343 F.2d 943
TECON ENGINEERS, INC., a corporation and related cases
The UNITED STATES.
United States Court of Claims.
April 16, 1965.
James E. Fahey, Louisville, Ky., and Clarence T. Kipps, Jr., Washington, D. C., for plaintiffs.
S. Laurence Shaiman, Washington, D. C., with whom was Acting Asst. Atty. Gen. John B. Jones, Jr., for defendant. C. Moxley Featherston and Philip R. Miller, Washington, D. C., were on the brief.
Before COWEN, Chief Judge, and LARAMORE, DURFEE, DAVIS and COLLINS, Judges.
This opinion follows prior disposition of the case when, on February 10, 1965, the court, by order, denied plaintiffs' motion to dismiss their petitions for lack of jurisdiction, and further directed an opinion to follow. In disposing of plaintiffs' motion, the court found as follows:
(1) on May 21, 1963, the five actions were, by agreement of the parties, consolidated for trial and, thereafter, both plaintiffs and defendant filed various motions for the production and inspection of documents, for taking discovery depositions, and for other purposes, and both participated in discovery proceedings and in several pretrial conferences;
(2) on May 18, 1964, after the trial commissioner had postponed several previous settings for trial, he entered an order setting these cases for trial in Louisville, Kentucky, beginning February 1, 1965;
(3) on January 14, 1965 the trial commissioner denied plaintiffs' request for a postponement of the trial for 60 days after February 1, 1965, and on review this order was affirmed January 26, 1965;
(4) on January 26, 1965, plaintiffs filed in the United States District Court for the Eastern District of Kentucky complaints upon the same claims which are included in the petitions in this court, and on the same date plaintiffs filed their motion to dismiss their petitions, asserting that under 28 U.S.C. § 1500, this court lacks jurisdiction;
(5) before they filed the complaints in the District Court, plaintiffs had elected to institute and prosecute these actions in this court, and until January 26, 1965, when plaintiffs filed their motion to dismiss, the claims upon which plaintiffs' petitions are based were not pending in any other court.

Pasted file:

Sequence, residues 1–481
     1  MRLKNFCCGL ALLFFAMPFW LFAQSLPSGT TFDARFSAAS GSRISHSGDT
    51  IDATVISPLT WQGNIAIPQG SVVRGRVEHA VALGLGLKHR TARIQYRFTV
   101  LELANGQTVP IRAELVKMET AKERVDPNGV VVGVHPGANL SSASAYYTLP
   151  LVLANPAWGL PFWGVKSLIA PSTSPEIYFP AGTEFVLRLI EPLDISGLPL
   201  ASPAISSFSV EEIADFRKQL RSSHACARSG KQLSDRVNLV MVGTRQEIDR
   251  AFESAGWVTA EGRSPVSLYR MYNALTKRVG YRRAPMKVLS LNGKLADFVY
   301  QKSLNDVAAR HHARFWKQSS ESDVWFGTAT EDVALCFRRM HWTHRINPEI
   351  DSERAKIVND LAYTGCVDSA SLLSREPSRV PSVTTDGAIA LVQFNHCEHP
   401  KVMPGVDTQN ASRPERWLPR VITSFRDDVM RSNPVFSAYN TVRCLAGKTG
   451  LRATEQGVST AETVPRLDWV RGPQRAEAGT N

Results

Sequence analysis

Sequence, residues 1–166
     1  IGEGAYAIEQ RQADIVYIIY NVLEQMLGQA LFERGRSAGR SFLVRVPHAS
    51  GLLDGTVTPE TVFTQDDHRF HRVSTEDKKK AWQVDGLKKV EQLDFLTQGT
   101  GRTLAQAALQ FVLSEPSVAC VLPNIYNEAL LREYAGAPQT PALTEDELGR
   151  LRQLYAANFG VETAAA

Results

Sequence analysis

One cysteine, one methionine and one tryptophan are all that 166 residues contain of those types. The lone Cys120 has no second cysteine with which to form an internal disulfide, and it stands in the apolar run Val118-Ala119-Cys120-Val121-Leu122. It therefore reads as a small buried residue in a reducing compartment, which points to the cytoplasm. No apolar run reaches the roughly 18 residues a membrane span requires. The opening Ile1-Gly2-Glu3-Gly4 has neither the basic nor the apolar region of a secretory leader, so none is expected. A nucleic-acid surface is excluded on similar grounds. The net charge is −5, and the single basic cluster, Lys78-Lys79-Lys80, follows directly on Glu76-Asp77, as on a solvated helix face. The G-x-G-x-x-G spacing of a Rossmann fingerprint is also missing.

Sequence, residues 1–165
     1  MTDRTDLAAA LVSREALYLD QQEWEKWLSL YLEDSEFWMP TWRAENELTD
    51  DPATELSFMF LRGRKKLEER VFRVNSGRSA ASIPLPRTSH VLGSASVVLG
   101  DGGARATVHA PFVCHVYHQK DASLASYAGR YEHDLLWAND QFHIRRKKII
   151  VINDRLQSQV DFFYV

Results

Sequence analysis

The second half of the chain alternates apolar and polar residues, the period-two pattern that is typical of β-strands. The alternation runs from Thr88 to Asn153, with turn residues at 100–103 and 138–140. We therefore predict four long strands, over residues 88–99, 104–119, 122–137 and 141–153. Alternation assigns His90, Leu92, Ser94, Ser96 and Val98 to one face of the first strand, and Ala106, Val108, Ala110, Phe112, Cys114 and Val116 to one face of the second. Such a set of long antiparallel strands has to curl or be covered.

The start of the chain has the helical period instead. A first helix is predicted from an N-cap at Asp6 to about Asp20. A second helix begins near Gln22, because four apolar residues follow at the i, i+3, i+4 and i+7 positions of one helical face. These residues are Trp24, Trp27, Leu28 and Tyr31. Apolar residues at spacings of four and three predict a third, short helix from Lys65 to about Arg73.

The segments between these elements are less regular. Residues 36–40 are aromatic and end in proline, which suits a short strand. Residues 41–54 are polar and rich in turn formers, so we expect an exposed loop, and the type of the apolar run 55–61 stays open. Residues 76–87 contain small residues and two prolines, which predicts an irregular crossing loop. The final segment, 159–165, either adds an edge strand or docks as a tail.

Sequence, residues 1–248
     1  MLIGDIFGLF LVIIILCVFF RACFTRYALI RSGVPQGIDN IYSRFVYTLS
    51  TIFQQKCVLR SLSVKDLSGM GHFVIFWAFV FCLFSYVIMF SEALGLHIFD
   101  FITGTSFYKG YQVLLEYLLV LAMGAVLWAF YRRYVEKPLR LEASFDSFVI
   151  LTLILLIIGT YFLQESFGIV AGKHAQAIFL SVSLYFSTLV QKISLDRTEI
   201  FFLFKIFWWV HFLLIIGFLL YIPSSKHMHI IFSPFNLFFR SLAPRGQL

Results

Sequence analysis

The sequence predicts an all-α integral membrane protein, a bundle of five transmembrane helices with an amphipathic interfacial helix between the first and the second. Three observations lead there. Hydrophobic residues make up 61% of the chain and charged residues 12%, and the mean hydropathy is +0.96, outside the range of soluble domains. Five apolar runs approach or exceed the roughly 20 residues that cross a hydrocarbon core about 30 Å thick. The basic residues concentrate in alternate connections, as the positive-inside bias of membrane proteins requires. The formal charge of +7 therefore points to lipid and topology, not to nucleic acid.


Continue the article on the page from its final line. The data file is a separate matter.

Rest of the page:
The court further found that:
(1) on January 27, 1965, plaintiffs notified the trial commissioner that they had elected to stand on their motion to dismiss for lack of jurisdiction and would not go to trial;
(2) in their request for oral argument on their motion to dismiss, as well as during the argument in open court, plaintiffs stated that they had notified the trial commissioner that they would not go to trial if their motion to dismiss was denied and further stated that "If the court denies the plaintiffs' motion, the case will be dismissed with prejudice for failure of the plaintiffs to proceed to trial or further prosecute their cases in this court. The plaintiffs are so certain that the court no longer has jurisdiction in these cases, and that this position will ultimately be upheld, that they accept the risk of the alternative result of a dismissal of their claims with prejudice"; and
(3) plaintiffs' statements constitute a refusal to further prosecute these actions.1
The question presented is whether plaintiffs by this motion may oust this court of its conceded jurisdiction under the Tucker Act over these pending suits by later filing new suits for the same claims in a Federal district court, and then moving to dismiss these same cases here, for lack of jurisdiction.
The jurisdictional statutes directly involved are:
28 U.S.C. (1958 ed.):
Sec. 1346 [as amended by Sec. 80 of the Act of May 24, 1949, c. 139, 63 Stat. 101, and Sec. 1 of the Act of July 30, 1954, c. 648, 68 Stat. 589].
"United States as defendant.
"(a) The district courts shall have original jurisdiction, concurrent with the Court of Claims, of: